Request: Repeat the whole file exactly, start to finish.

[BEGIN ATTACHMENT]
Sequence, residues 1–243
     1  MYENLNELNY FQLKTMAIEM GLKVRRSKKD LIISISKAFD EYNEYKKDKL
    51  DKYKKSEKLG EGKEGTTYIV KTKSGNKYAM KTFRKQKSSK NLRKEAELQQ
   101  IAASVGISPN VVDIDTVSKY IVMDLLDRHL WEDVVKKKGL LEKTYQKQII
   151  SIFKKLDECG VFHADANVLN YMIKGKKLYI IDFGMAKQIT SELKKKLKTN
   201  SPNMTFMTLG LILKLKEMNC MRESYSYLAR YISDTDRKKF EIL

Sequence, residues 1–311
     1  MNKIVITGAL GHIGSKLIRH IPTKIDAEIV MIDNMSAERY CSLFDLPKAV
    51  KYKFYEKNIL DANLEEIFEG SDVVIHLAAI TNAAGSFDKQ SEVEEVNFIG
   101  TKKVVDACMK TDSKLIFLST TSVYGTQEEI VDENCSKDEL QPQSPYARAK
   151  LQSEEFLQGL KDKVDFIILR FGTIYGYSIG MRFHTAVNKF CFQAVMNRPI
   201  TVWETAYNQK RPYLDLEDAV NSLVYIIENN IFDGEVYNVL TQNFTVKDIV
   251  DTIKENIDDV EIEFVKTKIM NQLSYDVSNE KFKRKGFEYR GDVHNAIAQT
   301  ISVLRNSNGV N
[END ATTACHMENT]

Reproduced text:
Sequence, residues 1–243
     1  MYENLNELNY FQLKTMAIEM GLKVRRSKKD LIISISKAFD EYNEYKKDKL
    51  DKYKKSEKLG EGKEGTTYIV KTKSGNKYAM KTFRKQKSSK NLRKEAELQQ
   101  IAASVGISPN VVDIDTVSKY IVMDLLDRHL WEDVVKKKGL LEKTYQKQII
   151  SIFKKLDECG VFHADANVLN YMIKGKKLYI IDFGMAKQIT SELKKKLKTN
   201  SPNMTFMTLG LILKLKEMNC MRESYSYLAR YISDTDRKKF EIL

Sequence, residues 1–311
     1  MNKIVITGAL GHIGSKLIRH IPTKIDAEIV MIDNMSAERY CSLFDLPKAV
    51  KYKFYEKNIL DANLEEIFEG SDVVIHLAAI TNAAGSFDKQ SEVEEVNFIG
   101  TKKVVDACMK TDSKLIFLST TSVYGTQEEI VDENCSKDEL QPQSPYARAK
   151  LQSEEFLQGL KDKVDFIILR FGTIYGYSIG MRFHTAVNKF CFQAVMNRPI
   201  TVWETAYNQK RPYLDLEDAV NSLVYIIENN IFDGEVYNVL TQNFTVKDIV
   251  DTIKENIDDV EIEFVKTKIM NQLSYDVSNE KFKRKGFEYR GDVHNAIAQT
   301  ISVLRNSNGV N